Home im­prove­ments can breathe new life into your home and ul­ti­mately add more value to it

Lennox Herald - - PROPERTY - Lor­raine Howard

Hom eown­ers have lit­tle con­trol over peaks and troughs in the hous­ing mar­ket.

How­ever, this does not mean you have no con­trol over the rise and fall in price of your own home. You al­ways should en­sure it is the ab­so­lute best it can be, and that means im­prove­ments.

A fresh coat of paint can bring life to the most derelict of ob­jects: doors, cup­boards, cab­i­nets, stair­cases, the pos­si­bil­i­ties are end­less. Paint­ing a house in­side and out can see a mon­u­men­tal in­crease in value, with some prop­er­ties see­ing up to £10,000 added.

Clean­ing hard­wood floors is a tough task and no mat­ter how hard you scrub they never seem to have that orig­i­nal shine. Other than re­fin­ish­ing the floors - which is an ex­pen­sive task - the only op­tion is to use floor pol­ish.

Space is a virtue of any home and it shouldn’t be ac­cepted that some of the house is closed off. Re­mov­ing un­used ob­jects is an easy way to make space. You can even re­move walls.

Car­pets are tram­pled on ev­ery day and are for­got­ten as the things un­der our feet. Due to this, they some­times do not look as good as they should. Re­plac­ing a car­pet can make a room feel new, espe­cially if it’s a contrastin­g colour.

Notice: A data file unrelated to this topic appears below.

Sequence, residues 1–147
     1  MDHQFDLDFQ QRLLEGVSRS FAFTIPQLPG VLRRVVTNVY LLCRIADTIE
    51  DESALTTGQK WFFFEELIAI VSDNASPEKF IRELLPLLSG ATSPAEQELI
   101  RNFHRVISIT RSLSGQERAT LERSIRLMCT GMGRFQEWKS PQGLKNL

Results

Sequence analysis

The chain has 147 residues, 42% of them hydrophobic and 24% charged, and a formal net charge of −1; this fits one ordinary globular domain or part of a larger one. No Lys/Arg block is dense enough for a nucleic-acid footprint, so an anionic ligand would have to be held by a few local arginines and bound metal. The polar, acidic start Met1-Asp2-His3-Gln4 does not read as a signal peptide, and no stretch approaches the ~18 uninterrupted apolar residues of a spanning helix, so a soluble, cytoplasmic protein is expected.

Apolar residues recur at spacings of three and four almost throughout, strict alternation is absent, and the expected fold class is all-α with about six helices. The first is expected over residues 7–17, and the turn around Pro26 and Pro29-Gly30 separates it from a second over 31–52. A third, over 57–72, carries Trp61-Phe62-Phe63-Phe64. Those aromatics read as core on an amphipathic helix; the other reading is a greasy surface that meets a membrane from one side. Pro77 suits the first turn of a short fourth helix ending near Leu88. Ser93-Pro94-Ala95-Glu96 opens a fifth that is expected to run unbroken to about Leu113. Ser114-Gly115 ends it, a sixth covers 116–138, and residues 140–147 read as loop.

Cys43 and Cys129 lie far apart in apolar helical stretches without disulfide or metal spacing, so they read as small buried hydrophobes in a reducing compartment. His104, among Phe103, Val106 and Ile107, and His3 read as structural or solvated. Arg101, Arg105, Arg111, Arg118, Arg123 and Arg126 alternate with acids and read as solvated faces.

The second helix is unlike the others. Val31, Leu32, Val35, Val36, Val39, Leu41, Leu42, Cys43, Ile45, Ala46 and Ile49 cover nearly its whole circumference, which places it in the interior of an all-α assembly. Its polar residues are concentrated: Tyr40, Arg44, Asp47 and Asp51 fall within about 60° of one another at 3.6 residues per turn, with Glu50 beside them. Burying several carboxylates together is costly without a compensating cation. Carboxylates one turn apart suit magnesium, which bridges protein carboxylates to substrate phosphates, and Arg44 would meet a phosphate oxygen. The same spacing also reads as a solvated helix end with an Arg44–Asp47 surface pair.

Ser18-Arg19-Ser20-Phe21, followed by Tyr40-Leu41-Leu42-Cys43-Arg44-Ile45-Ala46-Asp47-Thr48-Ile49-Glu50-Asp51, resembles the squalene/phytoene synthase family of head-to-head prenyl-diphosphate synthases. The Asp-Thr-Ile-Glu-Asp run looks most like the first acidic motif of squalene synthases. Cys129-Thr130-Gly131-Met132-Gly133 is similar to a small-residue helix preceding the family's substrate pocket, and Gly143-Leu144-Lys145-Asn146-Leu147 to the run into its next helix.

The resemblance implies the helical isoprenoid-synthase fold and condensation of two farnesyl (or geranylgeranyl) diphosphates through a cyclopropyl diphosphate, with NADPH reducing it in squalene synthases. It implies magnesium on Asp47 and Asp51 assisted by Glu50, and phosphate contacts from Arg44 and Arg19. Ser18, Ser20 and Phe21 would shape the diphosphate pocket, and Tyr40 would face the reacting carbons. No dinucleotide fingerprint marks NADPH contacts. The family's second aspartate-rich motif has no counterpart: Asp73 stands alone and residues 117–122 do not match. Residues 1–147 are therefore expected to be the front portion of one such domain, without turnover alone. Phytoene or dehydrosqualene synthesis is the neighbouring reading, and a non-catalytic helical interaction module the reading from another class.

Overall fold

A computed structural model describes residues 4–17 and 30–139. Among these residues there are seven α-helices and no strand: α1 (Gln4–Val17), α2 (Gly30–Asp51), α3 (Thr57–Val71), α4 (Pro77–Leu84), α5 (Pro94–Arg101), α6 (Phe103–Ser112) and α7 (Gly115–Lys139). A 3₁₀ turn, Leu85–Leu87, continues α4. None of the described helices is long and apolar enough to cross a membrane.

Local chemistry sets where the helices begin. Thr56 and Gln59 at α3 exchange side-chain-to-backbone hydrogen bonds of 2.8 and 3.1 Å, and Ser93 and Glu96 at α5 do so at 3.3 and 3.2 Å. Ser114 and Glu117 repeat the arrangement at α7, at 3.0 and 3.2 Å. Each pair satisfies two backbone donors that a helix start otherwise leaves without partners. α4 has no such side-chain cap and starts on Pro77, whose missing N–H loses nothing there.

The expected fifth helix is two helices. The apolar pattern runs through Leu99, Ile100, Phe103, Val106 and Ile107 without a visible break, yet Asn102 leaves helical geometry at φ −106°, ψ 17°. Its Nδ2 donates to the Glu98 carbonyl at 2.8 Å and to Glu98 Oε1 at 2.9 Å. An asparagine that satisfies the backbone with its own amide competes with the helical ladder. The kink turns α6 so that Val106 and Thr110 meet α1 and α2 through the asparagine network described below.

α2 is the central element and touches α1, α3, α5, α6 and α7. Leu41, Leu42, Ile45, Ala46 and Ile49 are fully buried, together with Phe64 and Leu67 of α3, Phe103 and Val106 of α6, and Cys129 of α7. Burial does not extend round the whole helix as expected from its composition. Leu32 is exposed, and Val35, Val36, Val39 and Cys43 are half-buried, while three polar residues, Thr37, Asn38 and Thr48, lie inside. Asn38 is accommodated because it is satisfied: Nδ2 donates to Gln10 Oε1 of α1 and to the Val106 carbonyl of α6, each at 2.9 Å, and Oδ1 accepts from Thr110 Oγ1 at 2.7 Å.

In­stalling a fire­place not only adds a dec­o­ra­tive el­e­ment, it also has sev­eral prac­ti­cal func­tions. A fire­place al­lows you to have eco-friendly heat­ing while en­joy­ing the cosi­ness and warmth of a camp­fire. Also, with gas and elec­tric bills on the rise, a fire­place is great way cut some of those costs. While adding a fire­place will set you back t has caused value in­creases of 5 per cent in some homes.

This isn’t al­ways an op­tion, and for oth­ers it will mean sac­ri­fic­ing a chunk of the front gar­den. But it does yield great re­wards. It is an im­prove­ment which could cost as much as £10,000 to £20,000 but could yield £50,000.

An ex­ten­sion can turn a three­bed­room house into a five-bed­room house and a two-storey house into three storeys.

An en-suite bath­room fea­tured in the master bed­room at­taches a sense of style and fi­nesse to the prop­erty.

If you’re look­ing for a sim­ple shower and toi­let, the price will amount to just a few thou­sand pounds. A con­ser­va­tory is some­thing a buyer would rather not spend time and money do­ing. The cost of a con­ser­va­tory is up to £10,000. But it can add 22 per cent to your prop­erty’s value.

Scot­tish-based in­de­pen­dent mort­gage bro­ker, First Mort­gage, has launched an in­ter­ac­tive in­fo­graphic called “How to buy your first home”. The in­fo­graphic is the first of its kind in the UK, with an in­ter­ac­tive el­e­ment that al­lows view­ers to “walk” through the process of buy­ing a home.

The in­fo­graphic is aimed at help­ing first time buy­ers un­der­stand what to ex­pect from the home buy­ing process, and to ad­dress a lot of the ques­tions that arise prior to speak­ing to a mort­gage ad­vi­sor or lender.

You can view it at www.first­mort­gage. co.uk/mort­gage-ad­vice/buy­ing-a-house.

IS IT WORTH IT?

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